Patsy Takemoto Mink was born in Pā'ia, Maui, on December 6, 1927, to Suematsu and Mitama Takemoto and was Maui High School valedictorian and student body president. After graduation, she attended the University of Hawai'i and later transferred to the University of Nebraska where she challenged segregated student housing. Mink returned to Mānoa to graduate and later applied to various mainland medical schools but her application was denied because of her gender. Mink later entered law school at the University of Chicago where she met John F. Mink, a geology doctoral student. In 1951 they married and had one child, Gwendolyn. Later, they returned to the Islands and Mink began to practice law. However, as the first Japanese American female lawyer in Hawai'i she was not well accepted by the legal profession as a woman.
As a result of her experiences of gender discrimination, Mink became involved in politics, joining the Democratic Party of Hawai'i. "I didn’t start off wanting to be in politics," she once told a reporter. "Not being able to get a job from anybody changed things." In 1956, Mink was elected to the Hawai'i Territorial House and two years later to the Territorial Senate where she later chaired the Education Committee. In 1964, Mink ran for Congress and was elected to her first term standing out in the House of Representatives not only because of her gender and race, but also because of her positions on issues such as public education and civil rights and her opposition to the Vietnam War.
During her career in the House, Mink joined Rep. Bella Abzug of New York to support feminist causes and was one of the authors of the revolutionary Women's Educational Equity Act, known as Title IX. This groundbreaking legislation mandated that any institution receiving federal funding equally support men and women in academics and athletics. The law resulted in a phenomenal growth in women's collegiate athletics programs. After twelve years in the U.S. House, Mink unsuccessfully ran for the Senate losing to Spark M. Matsunaga. In 1977, President Jimmy Carter named Mink assistant secretary of state for oceans and international, environmental and scientific affairs. Despite an unsuccessful mayoral campaign in 1988, Mink would later return to Congress to serve out Daniel Akaka's seat who had been appointed to fill the Senate vacancy following the death of Matsunaga. From 1990 to 2002, Mink once more served in the U.S. House of Representatives as a liberal voice for Hawai'i and the nation. After a month long illness, she died on September 28, 2002, at the age of seventy-four, survived by her husband and daughter.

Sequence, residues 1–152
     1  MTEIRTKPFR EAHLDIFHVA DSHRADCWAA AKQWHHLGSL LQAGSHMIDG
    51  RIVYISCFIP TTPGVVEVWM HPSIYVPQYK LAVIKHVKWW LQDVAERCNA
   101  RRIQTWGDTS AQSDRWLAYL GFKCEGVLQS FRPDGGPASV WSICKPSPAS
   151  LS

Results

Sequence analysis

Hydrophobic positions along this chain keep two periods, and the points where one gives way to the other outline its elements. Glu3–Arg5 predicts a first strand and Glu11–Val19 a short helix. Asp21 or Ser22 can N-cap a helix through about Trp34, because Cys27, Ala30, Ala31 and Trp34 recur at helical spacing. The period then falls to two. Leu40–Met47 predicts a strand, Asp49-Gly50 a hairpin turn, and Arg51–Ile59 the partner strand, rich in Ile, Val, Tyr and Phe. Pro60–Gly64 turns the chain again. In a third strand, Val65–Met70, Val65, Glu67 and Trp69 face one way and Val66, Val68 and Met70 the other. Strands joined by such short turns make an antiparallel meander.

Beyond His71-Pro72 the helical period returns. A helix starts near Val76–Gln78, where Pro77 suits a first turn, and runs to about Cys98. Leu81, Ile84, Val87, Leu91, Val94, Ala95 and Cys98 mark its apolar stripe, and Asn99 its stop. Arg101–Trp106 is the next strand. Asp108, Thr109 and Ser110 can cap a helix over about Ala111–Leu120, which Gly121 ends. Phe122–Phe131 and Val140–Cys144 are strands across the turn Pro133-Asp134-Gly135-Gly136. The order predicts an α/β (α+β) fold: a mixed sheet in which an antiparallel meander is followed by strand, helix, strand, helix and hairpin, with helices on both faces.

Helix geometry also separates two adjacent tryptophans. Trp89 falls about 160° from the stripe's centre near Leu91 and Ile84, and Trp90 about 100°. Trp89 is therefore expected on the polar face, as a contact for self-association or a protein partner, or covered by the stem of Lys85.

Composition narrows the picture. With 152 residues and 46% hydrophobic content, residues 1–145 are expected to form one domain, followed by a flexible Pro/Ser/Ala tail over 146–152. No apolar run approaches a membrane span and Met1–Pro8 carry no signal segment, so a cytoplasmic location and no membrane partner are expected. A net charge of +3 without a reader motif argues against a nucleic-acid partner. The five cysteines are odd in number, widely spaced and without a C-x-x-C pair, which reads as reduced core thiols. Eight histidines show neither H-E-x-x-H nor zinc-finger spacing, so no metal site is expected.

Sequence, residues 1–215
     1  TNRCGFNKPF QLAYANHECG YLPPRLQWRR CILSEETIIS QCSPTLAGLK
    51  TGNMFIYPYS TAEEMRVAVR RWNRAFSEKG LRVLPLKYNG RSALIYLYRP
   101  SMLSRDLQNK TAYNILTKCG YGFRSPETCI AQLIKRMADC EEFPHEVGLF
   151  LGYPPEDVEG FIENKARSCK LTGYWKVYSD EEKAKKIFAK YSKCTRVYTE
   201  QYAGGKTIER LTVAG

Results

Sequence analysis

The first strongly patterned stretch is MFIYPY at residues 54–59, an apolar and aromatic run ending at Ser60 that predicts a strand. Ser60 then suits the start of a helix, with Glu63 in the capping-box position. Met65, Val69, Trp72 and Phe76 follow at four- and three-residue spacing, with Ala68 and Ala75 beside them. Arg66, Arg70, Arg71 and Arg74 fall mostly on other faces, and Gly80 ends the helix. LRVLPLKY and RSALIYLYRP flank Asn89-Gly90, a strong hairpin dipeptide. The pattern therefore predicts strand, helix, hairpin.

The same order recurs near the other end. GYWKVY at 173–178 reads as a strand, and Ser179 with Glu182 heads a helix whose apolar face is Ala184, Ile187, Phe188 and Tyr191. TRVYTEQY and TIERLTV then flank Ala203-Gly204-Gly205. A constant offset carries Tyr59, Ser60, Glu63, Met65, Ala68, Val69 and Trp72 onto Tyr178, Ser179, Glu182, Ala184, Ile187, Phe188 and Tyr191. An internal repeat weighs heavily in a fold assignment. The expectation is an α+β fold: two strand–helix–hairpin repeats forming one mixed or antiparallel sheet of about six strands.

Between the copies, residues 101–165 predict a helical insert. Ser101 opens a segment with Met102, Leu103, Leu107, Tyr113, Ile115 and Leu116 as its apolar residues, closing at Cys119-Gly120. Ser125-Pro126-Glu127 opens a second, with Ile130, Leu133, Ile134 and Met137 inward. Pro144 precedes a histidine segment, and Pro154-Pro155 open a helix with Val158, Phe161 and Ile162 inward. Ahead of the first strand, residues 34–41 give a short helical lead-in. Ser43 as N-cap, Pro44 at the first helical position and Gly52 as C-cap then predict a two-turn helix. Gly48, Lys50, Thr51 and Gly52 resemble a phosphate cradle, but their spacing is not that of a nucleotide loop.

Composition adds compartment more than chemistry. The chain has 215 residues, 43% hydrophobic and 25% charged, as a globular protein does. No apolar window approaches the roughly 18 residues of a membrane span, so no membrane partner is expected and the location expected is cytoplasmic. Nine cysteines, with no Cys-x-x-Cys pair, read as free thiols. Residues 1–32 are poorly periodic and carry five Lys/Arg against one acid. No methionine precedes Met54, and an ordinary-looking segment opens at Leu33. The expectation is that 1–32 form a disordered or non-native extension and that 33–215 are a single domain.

Authored by Kelli Y. Nakamura, University of Hawai'i
For More Information
"Hawaii, nation lose 'a powerful voice.'" Honolulu Advertiser, September 29, 2002, A-1.
Matsuda, Mari J. ed. Called From Within: Early Women Lawyers of Hawaiʻi. Honolulu: University of Hawaii Press, 1992.
Mink, Patsy. Congresswoman Patsy T. Mink. Washington, D.C.: Congress of the United States, House of Representatives, .
"Mink, Patsy Takemoto, (1927–2002)." Biographical Directory of the United States Congress. http://bioguide.congress.gov/scripts/biodisplay.pl?index=m000797.
"Patsy Mink." Honolulu Star-Bulletin, September 29, 2002, A-1.
Patsy Mink: Ahead off the Majority. Documentary film directed by Kimberlee Bassford. Honolulu: Making Waves Films, 2008.
"Patsy T. Mink Papers at the LIbrary of Congress." http://www.loc.gov/rr/mss/mink/mink-about.html.
This event article is presented in full from the Densho Encyclopedia
© Densho 2017. The text of this work is licensed under a Creative Commons Attribution-NonCommercial-ShareAlike 3.0 Unported License. Where indicated, images and other primary source materials may be subject to use restrictions by their respective rights holders. More information »